However, in terms of racing, Paul Ricard has also been absent from the calendar for quite a long time – the last time Formula 1 race at Paul Ricard was in 1990. Alain Prost won for Ferrari that day.

1990: Alain Prost of France punches the air in celebration after passing the chequered flag in his Scuderia Ferrari to win the French Grand Prix at the Paul Ricard circuit in Le Beausset, France. Mandatory Credit: Pascal Rondeau/Allsport

As such, despite being a known quantity as a testing facility, how a race weekend will shake out is anybody’s guess.

And what’s more, it marks the beginning of three consecutive race weekends – The French Grand Prix, The Austrian Grand Prix, and The British Grand Prix – which F1 teams and drivers are calling “the triple header.”

Talking points ahead of the French Grand Prix are below.

A Journey Into the Unknown?

Like all new venues, or resurrected and refurbished ones in this case, the Circuit Paul Ricard represents somewhat of an unknown, as there’s no available race data to make predictions off of.

And the 3.61-mile, 15-turn track itself represents a range of challenges. It has fast corners, like Turns 1 and 2 (S de la Verrerie), a technical section between Turns 3 and 7 (Virage de l’Hotel through the Mistral Straight Start), and a 1.1-mile straightaway in the Mistral Straight, though it is separated by a chicane (Turns 8 and 9).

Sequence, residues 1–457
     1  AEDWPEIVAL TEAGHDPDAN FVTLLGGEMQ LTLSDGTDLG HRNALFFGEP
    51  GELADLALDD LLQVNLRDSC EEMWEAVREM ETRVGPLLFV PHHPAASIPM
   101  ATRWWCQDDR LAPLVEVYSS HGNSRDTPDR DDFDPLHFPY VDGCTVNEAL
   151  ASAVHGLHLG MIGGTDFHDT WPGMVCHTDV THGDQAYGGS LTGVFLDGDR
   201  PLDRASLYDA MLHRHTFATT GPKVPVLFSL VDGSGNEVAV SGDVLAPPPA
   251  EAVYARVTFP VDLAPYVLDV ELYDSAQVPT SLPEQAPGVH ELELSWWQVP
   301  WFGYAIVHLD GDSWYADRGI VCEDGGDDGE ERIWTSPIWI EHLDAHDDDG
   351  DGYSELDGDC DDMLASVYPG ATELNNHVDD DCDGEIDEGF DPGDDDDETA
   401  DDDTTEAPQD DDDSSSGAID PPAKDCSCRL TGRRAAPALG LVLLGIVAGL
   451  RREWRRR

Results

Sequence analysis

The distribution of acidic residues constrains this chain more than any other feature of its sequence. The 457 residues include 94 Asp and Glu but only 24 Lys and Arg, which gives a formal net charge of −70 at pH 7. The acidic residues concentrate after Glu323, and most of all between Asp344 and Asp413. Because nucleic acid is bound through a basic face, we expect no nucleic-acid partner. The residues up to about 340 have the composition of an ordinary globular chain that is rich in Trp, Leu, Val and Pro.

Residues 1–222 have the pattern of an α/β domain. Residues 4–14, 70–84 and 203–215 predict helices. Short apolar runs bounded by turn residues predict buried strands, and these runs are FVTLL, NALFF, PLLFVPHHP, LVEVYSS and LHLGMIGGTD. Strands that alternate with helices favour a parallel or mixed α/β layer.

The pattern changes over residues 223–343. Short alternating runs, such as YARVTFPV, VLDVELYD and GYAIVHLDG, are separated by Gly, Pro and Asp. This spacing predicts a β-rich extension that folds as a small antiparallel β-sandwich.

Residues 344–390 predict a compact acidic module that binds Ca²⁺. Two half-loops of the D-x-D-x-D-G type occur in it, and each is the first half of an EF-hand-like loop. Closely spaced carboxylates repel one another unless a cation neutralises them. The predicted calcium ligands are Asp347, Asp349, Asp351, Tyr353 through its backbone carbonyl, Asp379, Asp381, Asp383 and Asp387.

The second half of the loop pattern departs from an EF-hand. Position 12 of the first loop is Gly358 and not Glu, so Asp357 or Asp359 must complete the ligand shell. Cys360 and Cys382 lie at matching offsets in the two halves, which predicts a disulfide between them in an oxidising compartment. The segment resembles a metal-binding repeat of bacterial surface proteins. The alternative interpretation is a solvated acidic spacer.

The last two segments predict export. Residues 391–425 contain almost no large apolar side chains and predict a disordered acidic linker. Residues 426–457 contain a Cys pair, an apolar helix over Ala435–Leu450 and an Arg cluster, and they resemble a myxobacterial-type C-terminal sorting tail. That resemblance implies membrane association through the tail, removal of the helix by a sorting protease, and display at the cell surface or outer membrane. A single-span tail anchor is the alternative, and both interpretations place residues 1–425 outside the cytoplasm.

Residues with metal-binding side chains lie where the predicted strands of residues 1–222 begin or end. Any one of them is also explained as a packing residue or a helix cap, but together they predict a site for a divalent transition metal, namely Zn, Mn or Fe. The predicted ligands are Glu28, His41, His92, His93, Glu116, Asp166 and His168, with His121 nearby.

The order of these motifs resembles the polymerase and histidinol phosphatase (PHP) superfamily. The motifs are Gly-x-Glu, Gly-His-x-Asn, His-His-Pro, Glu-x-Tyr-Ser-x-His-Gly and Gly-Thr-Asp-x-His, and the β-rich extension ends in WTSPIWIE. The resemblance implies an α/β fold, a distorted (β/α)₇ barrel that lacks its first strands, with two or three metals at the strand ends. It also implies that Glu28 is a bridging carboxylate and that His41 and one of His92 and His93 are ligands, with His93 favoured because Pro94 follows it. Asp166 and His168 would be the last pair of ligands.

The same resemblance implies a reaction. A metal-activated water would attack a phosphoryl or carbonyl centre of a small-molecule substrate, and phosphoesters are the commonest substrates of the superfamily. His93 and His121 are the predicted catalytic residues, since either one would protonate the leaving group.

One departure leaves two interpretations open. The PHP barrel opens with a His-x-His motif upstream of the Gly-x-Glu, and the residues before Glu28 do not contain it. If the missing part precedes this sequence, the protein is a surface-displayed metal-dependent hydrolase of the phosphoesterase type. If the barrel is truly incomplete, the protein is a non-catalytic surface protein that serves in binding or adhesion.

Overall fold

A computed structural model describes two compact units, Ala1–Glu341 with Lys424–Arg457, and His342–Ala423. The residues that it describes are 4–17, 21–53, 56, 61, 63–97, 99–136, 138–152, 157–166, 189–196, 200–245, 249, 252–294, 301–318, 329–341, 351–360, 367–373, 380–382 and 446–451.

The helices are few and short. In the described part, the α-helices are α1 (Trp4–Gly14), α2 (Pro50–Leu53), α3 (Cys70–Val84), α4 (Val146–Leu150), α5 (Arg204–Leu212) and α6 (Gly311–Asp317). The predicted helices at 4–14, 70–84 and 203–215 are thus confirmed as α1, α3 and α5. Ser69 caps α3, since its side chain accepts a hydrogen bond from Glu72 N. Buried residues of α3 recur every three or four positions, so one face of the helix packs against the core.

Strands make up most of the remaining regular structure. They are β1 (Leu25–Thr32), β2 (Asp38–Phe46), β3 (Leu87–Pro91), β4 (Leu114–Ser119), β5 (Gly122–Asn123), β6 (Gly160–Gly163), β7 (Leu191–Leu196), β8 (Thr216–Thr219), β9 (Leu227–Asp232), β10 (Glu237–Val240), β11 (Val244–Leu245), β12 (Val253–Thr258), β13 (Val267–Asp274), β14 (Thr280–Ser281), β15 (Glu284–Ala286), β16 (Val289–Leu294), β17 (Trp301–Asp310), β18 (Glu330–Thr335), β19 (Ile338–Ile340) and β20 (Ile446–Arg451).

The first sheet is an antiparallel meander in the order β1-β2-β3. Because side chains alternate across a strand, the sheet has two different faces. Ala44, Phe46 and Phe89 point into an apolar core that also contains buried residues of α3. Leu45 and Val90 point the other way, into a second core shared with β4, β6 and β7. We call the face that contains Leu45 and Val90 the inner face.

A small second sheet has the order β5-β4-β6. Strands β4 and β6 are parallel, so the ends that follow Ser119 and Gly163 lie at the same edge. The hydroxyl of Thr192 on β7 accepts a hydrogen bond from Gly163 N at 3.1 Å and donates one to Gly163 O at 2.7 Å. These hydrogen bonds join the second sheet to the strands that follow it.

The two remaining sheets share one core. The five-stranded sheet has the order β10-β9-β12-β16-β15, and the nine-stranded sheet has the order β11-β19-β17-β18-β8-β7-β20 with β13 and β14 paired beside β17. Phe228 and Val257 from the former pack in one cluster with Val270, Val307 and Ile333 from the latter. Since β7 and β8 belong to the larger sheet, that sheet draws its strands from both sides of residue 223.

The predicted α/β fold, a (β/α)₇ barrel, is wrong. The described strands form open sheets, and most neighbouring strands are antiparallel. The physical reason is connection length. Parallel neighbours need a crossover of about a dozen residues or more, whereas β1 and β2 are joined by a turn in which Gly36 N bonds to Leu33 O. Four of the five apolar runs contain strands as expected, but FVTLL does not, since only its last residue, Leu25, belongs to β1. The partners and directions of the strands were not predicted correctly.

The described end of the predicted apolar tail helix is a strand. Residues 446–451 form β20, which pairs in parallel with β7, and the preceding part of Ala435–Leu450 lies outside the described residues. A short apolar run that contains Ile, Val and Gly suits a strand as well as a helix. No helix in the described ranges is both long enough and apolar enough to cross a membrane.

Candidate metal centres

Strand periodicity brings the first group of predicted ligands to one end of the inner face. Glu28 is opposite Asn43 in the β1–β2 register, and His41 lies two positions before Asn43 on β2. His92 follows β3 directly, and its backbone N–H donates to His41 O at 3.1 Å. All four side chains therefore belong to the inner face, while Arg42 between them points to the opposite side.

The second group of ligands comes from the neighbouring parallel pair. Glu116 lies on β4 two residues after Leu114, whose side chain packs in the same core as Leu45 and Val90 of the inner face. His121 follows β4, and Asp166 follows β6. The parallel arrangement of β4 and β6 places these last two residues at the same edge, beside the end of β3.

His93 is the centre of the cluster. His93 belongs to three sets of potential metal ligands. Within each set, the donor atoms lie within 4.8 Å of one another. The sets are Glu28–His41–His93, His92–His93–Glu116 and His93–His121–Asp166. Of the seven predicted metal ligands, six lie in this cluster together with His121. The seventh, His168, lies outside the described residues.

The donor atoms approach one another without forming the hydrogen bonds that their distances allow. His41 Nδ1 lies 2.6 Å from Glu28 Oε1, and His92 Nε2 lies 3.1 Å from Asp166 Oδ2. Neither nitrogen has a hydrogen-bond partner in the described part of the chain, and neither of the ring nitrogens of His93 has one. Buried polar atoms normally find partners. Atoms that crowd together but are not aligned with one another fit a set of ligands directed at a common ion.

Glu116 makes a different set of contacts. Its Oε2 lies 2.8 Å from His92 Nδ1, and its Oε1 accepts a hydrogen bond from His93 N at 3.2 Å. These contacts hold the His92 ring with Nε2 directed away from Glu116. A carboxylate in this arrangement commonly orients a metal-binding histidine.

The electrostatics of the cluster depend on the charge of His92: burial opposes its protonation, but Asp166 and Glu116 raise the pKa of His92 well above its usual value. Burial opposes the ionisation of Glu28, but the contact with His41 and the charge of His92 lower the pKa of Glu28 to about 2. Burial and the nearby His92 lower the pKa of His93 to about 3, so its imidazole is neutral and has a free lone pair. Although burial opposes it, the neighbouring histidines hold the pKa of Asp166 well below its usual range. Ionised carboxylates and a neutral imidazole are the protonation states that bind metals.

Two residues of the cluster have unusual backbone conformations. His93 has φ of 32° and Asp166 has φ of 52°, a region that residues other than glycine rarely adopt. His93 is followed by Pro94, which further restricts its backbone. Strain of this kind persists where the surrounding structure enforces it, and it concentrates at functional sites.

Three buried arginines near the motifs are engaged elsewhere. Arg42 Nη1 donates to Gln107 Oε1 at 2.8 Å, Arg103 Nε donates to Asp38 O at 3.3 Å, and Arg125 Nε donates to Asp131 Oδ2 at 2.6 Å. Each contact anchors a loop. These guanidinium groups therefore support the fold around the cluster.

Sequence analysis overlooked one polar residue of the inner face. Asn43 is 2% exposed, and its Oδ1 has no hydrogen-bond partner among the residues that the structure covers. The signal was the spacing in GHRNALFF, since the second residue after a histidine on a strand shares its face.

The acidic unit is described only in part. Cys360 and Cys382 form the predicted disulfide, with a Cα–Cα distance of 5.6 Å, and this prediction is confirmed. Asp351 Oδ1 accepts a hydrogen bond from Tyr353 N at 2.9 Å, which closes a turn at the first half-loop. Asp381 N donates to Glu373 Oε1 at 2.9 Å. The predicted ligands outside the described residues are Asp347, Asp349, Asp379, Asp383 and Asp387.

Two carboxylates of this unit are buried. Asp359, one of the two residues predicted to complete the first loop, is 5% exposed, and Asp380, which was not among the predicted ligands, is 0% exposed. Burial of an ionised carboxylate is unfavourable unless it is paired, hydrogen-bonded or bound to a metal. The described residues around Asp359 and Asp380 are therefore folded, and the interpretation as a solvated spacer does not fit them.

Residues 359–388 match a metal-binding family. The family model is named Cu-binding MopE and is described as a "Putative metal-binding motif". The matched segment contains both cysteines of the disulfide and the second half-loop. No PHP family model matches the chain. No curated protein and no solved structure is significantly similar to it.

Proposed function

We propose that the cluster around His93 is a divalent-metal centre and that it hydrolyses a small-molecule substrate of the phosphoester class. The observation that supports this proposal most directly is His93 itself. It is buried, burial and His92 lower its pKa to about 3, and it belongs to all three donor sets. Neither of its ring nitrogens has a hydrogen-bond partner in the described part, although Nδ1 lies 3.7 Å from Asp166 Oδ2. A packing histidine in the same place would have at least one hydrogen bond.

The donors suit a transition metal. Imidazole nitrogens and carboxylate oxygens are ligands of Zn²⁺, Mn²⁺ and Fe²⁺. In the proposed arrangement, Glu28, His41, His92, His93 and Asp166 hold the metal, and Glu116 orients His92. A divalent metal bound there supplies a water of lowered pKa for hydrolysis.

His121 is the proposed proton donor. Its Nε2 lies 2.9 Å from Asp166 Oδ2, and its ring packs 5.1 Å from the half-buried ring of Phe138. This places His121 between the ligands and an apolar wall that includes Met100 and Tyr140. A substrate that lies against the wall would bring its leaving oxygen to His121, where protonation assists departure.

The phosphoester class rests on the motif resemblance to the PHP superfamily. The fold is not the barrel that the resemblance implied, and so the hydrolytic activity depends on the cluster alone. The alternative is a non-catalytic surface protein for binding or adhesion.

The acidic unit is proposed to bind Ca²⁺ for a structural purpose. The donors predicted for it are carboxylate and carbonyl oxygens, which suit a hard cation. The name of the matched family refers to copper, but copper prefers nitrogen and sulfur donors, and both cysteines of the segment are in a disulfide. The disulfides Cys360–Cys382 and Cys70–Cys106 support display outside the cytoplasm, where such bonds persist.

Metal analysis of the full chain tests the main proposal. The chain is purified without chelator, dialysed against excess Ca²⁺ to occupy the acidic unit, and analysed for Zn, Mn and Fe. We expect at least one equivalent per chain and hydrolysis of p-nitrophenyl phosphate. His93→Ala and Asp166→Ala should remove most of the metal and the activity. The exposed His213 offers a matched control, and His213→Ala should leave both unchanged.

Mercedes team principal Toto Wolff discussed the challenge of the circuit, highlighting the lack of data to build off of as well the tough three-race stretch ahead as especially challenging, in a preview on Formula 1’s website.

“France should be an interesting race. We don’t often get to race on a track where we have little to no historical data. It makes preparing for the weekend a bit trickier than usual, but that element of the unknown also adds to the challenge. The French Grand Prix marks the first race of the triple header, which will test all F1 teams to their limits, but also offers the chance to score a lot of points over the course of three weeks – which is precisely what we’re setting out to do,” said Wolff.

That element of the unknown makes Paul Ricard one of the biggest wildcards on the 2018 F1 calendar, and a championship shake up could be in the cards as a result.

Ferrari, Mercedes Continue Their Back and Forth

MELBOURNE, AUSTRALIA – MARCH 25: Sebastian Vettel of Germany driving the (5) Scuderia Ferrari SF71H leads Lewis Hamilton of Great Britain driving the (44) Mercedes AMG Petronas F1 Team Mercedes WO9 on track during the Australian Formula One Grand Prix at Albert Park on March 25, 2018 in Melbourne, Australia. (Photo by Mark Thompson/Getty Images)

Ferrari and Mercedes have traded jabs throughout the 2018 season, with neither able to pull away from the other so far through seven races.

Sebastian Vettel enters the French Grand Prix with a one-point lead over Lewis Hamilton, and holds a slight edge in victories – three to Hamilton’s two – and comes off a thorough domination of the Canadian Grand Prix.

Vettel led every lap at the Circuit Gilles Villeneuve on his way to victory, while Valtteri Bottas had to carry the Mercedes flag in finishing second. Hamilton languished in fifth, a surprising and disappointing result given his previous success there.